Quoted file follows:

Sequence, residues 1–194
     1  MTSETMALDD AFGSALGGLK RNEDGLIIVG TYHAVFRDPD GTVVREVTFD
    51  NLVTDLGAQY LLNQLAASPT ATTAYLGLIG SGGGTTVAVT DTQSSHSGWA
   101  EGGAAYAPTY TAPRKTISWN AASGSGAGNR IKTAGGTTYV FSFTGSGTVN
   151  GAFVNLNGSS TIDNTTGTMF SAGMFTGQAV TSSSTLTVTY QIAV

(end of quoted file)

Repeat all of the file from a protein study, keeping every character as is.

Sequence, residues 1–194
     1  MTSETMALDD AFGSALGGLK RNEDGLIIVG TYHAVFRDPD GTVVREVTFD
    51  NLVTDLGAQY LLNQLAASPT ATTAYLGLIG SGGGTTVAVT DTQSSHSGWA
   101  EGGAAYAPTY TAPRKTISWN AASGSGAGNR IKTAGGTTYV FSFTGSGTVN
   151  GAFVNLNGSS TIDNTTGTMF SAGMFTGQAV TSSSTLTVTY QIAV